10 things you can do to inject some fun into your family time:
- Role modelling is the best way to improve the way our children eat. How could you expect your children to eat broccoli if you refused to touch it with a barge pole?
- Here are a few realistic tweaks for better family life and balance: don’t pledge to take the kids to Disneyworld when there is no way you could save the money to do it for another 10 years. Instead, schedule fun family time, e.g. a cinema party every Friday night, with the children making popcorn with dad then choosing a film all together then cuddling on the sofa, completely ‘in the moment’ with no distractions, tablets, phones or games consoles.
- What could you children teach you? It could range from something simple like making your own play dough, to an easy tune on the piano to a lesson on how to draw an owl to more adventurous activities like rafting or sledging. I promised my son I would try to play Minecraft with him before Christmas (yuck, yuck!). It makes him so happy I actually want to have a go (at some point. I will, I really will.).
- Get involved in the fun at the park. Why not try to go higher than them on the swings or go down the slide once in a while?
- Take 10 minutes to sit at the table after dinner and play a board game. Our favourite as a family is Blokus. We also love Uno, Jenga and Peek a Doodle Doo. LEGO and Playmobil are also firm favourites here, especially at Christmas time when everyone gets involved in the building process.
- Allow children to experiment and have fun with food. Why not have a baking session together once a week? Not only will you have some quality time together but you’ll also have something delicious to eat afterwards.
- When you only have 5 minutes to spend with your family, it doesn’t have to be a boring 5 minutes. Gallop to school instead of walking (why not, hey?), decide what you would do if you won the lottery, chat about the food that would never pass your lips and why, talk about which animals hibernate and why. If the conversation is fun and they feel you have time to chat, it’s likely to encourage little ones to open up about issues they might have had at school (friendship troubles, worries about swimming, times tables woes, homework struggles…).
- Rainy day? Just put your wellies on and jump in muddy puddles with them! Getting wet and dirty is the perfect excuse to snuggle up on the sofa in pyjamas afterwards with a large mug of hot chocolate.
- Let the children be in charge. Last week, I went to London with my eldest. When asked what his favourite thing to do would be, he just said: “Can we go on the next bus that comes past and go anywhere in London?” We did just that. We didn’t see any exciting sights and we got a bit lost, but it was nice to spend time doing what he wanted, without questioning why or what the end goal was. There was no goal and that was the fun part!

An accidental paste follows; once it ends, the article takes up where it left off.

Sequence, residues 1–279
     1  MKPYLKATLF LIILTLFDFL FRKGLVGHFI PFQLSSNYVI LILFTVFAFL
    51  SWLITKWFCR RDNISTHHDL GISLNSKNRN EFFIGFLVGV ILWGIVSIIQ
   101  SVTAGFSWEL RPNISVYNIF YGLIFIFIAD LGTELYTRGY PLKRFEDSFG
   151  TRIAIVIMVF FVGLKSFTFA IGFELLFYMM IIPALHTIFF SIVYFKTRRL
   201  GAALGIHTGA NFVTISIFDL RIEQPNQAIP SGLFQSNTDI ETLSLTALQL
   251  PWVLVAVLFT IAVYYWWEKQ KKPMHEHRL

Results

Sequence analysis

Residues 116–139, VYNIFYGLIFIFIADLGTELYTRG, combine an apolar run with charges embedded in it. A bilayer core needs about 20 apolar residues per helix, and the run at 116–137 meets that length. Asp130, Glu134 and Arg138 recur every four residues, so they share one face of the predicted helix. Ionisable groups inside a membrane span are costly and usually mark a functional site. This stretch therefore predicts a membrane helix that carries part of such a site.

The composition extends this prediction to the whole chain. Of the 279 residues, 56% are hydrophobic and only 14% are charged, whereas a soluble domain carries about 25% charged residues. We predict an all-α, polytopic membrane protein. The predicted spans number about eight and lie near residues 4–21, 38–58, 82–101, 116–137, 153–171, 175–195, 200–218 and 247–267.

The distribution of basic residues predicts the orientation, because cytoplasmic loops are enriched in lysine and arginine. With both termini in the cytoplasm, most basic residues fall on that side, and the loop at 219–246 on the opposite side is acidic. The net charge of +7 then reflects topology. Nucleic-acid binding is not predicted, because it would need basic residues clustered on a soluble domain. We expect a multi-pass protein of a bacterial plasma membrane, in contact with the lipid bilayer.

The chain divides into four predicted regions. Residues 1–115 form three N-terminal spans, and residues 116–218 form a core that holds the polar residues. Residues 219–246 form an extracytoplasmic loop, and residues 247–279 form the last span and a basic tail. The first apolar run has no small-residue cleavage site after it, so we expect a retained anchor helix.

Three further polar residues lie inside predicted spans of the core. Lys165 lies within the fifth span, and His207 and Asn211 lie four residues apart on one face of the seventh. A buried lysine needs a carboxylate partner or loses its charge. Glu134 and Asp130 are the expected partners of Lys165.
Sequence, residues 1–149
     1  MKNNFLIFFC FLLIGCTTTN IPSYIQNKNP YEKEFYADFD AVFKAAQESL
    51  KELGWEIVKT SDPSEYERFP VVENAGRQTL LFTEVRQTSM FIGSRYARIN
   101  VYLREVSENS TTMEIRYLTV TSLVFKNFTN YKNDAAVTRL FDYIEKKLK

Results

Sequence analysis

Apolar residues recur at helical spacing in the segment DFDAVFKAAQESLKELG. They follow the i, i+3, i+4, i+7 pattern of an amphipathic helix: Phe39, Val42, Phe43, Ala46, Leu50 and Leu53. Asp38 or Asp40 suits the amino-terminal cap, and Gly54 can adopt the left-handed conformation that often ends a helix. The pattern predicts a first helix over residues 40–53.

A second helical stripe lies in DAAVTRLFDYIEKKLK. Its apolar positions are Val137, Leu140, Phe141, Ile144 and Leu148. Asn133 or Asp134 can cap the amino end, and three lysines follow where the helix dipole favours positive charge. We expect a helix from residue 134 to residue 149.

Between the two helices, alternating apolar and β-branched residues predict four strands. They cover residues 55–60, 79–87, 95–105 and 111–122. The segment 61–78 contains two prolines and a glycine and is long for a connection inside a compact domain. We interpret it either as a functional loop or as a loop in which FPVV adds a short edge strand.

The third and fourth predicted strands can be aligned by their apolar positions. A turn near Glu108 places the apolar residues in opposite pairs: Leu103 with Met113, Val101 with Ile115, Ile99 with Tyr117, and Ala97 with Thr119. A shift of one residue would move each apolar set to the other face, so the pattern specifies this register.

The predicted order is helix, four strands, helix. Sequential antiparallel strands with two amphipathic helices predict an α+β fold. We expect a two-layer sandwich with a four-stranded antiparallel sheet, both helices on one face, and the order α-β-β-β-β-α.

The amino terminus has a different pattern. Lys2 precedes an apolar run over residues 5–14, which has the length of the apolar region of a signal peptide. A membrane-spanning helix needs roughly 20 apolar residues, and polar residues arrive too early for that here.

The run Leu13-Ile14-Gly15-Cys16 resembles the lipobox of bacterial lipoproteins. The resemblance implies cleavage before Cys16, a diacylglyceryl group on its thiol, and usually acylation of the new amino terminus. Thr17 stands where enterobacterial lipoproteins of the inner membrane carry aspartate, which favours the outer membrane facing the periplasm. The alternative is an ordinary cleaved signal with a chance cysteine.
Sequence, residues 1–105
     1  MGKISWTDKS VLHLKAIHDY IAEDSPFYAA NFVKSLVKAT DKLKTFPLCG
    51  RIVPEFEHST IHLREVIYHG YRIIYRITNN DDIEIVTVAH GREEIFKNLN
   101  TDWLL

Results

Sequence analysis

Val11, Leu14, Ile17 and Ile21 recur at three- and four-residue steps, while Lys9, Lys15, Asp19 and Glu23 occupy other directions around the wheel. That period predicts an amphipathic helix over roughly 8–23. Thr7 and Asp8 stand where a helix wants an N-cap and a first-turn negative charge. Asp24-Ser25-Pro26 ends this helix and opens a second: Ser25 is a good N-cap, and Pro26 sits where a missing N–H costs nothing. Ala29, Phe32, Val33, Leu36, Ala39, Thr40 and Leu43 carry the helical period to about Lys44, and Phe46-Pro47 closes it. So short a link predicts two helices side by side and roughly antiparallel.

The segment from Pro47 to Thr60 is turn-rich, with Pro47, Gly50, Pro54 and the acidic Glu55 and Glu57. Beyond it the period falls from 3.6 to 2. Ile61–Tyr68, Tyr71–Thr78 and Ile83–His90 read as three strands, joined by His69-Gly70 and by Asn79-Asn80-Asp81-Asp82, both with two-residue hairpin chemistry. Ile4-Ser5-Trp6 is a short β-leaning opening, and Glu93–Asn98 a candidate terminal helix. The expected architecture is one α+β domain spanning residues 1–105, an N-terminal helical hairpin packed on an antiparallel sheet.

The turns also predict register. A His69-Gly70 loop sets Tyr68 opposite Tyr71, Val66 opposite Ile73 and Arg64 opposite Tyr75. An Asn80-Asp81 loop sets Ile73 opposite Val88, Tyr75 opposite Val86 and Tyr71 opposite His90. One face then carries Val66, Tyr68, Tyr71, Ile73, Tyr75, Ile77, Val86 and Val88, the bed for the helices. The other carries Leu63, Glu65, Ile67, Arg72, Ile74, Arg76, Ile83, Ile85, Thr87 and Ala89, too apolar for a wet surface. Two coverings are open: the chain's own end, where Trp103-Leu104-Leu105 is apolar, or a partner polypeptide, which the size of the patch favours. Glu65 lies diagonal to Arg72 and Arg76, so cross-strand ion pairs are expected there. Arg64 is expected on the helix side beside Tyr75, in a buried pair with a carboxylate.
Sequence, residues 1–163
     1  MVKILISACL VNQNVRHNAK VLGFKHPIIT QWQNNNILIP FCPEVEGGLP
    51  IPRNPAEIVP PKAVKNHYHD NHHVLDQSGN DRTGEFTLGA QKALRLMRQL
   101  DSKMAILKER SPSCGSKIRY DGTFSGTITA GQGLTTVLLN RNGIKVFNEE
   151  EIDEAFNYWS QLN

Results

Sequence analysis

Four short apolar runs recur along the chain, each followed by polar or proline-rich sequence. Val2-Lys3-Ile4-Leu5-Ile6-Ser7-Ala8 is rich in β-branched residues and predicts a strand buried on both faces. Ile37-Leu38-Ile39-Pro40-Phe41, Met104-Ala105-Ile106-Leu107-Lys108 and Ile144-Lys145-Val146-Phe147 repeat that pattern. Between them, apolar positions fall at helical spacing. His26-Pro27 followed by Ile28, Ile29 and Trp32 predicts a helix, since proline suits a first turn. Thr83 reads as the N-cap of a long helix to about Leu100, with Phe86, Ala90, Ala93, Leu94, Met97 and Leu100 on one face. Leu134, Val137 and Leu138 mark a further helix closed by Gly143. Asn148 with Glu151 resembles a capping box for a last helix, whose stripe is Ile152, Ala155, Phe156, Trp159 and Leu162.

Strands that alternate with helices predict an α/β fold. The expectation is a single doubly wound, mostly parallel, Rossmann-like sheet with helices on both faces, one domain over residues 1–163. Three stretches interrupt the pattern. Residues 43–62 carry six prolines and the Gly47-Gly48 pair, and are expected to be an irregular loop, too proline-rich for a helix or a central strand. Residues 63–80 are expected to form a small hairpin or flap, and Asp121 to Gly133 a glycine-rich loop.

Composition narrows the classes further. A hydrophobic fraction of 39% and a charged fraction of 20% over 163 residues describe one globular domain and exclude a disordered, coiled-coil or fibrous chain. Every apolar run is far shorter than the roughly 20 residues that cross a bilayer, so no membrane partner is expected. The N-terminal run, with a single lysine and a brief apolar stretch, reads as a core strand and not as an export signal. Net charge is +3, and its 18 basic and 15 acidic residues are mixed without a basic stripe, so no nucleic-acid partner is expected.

Here are the top 10 life lessons learnt from time spent together, across parents of all surveyed age-groups:
- How to laugh everyday (63%)
- You can find the joy in small things (59%)
- Things don’t always have to be done in the same way (52%)
- Not to fear new challenges (45%)
- It’s easy to be nice (45%)
- Every day is a fresh start (43%)
- Try not to care what others think (37%)
- Friendships should be nurtured (35%)
- Persistence pays off (30%)
- Bumps and bruises are a badge of honour (27%)
Skye Lucas-Banks, from Bassetts Vitamins, explains that all of the above is exactly why they decided to create “Colour Quest Activity Books with some quick and easy ways for families to connect in those little moments we have every day, whether going on a ‘treasure hunt’ in the garden or choosing and preparing a nutritious dinner together.”
You can download your Colour Quest Activity Book here, or better still, why not enter the giveaway below to win one of 10 child umbrellas and Colour Quest Activity Kits from Bassetts Vitamins.
Win one of 10 child umbrellas and Colour Quest Activity Kits from Bassetts Vitamins
How to enter the giveaway:
You can pick and choose a range of ways in which to enter. The only one you must click on to get into the draw is the one asking you to leave a blog post comment. You must also leave a comment telling me how you like to spend time together as a family.
Entries are open until 11.59 p.m. GMT time on Sunday 19th November 2017. Good luck!
Disclosure: This post is sponsored by Bassetts Vitamins. It was a real pleasure to help them spread the word about their Purple Paper findings. As always, all photos and opinions are my own.